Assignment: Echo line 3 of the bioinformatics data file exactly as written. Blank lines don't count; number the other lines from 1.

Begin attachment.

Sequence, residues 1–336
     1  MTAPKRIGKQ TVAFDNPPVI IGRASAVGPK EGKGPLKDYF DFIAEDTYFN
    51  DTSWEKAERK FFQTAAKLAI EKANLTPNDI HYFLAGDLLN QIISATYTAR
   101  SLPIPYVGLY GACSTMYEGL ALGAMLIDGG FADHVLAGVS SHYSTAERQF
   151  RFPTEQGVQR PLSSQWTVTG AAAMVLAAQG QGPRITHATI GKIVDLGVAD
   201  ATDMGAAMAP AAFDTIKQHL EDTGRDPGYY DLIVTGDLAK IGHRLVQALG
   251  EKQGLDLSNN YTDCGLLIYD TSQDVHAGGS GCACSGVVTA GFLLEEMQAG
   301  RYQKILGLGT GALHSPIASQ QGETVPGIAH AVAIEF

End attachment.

    51  DTSWEKAERK FFQTAAKLAI EKANLTPNDI HYFLAGDLLN QIISATYTAR